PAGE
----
Faithful and Wild
1 December 2018 – 13 January 2019
Louise Kerr’s exhibition Faithful and Wild explores the importance of dogs, both in our own domestic lives, and in the wider environment. Wild dogs have roamed the Blue Mountains for thousands of years. In the national park that surrounds our homes, the Dingo (or Warrigal) live and are occasionally sighted. The Wild Dog Mountains area to the west of Katoomba has a range of geographical features named after dogs including Mount Warrigal, Mount Yellow Dog and Dingo Creek, to name a few.
Dogs have been revered by ancient civilizations reaching as far back as the Palaeolithic era when images of dogs and dog-like creatures were painted on the cave walls. Domestically, we have a complex relationship with our precious friends. They are our companions, protectors and work-mates. Ever faithful, they never give up on us. The dog has been inextricably sewn into our lives for thousands of years and Kerr’s work investigates how deeply it is embedded in her own and the lives of others and the place we live.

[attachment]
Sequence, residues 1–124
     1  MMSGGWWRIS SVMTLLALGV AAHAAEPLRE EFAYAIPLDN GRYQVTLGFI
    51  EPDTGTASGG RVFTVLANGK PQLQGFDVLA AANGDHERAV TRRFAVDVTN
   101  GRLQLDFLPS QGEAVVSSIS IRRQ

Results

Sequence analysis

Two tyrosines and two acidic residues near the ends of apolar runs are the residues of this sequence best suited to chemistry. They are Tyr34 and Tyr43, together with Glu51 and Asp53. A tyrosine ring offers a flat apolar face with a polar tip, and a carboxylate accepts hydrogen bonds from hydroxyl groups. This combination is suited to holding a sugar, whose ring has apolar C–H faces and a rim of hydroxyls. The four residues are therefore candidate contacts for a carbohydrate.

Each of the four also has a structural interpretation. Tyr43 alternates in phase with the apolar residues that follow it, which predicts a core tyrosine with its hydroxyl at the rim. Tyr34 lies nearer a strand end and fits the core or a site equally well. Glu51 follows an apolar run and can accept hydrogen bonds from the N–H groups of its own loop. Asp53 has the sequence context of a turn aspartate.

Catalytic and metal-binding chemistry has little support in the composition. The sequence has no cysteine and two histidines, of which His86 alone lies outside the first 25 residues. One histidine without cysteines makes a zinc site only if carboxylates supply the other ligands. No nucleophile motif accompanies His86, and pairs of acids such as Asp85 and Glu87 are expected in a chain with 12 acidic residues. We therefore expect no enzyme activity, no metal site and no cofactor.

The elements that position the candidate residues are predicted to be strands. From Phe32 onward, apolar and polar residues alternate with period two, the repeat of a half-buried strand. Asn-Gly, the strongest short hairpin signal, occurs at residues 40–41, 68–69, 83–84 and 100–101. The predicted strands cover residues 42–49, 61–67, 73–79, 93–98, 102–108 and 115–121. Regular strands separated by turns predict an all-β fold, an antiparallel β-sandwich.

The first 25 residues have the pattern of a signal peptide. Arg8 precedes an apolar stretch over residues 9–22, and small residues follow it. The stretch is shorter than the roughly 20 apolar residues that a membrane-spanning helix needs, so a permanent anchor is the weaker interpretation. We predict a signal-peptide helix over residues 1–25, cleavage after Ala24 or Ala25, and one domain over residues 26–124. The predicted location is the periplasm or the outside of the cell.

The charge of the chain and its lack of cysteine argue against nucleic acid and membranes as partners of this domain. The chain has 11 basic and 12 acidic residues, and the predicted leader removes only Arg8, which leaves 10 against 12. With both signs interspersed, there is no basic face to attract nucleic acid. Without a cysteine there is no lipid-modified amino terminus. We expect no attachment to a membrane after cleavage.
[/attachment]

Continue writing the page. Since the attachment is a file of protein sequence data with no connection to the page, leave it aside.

Kerr’s work is process driven and begins with the documentation of observations as drawings in visual diaries; These drawings form the basis for her sculptures. The sculptures themselves are made using fine twine and hand sewn with cotton thread – an ancient technique known as Coiling. This is an ancient technique and a process closely associated with basket making, which allows Kerr to produce large, three-dimensional forms as well as flat works in relief. The completed works are painted. Sometimes, clay and hair is also applied.
Louise Kerr lives and works in Springwood, Blue Mountains. She has been exhibiting since 1979, after completing a Diploma of Visual Arts at Alexander Mackie College of Advanced Education.
Recent solo shows include Threads Through the Landscape (2015) and Chasing the Bone Keepers (2017) at King Street Gallery on William. In 2015 Kerr presented her solo exhibition Dog Days at Hawkesbury Regional Gallery.
In 2016 she was a finalist in both the Pro Hart Outback Prize and the Woollhara Small Sculpture Prize.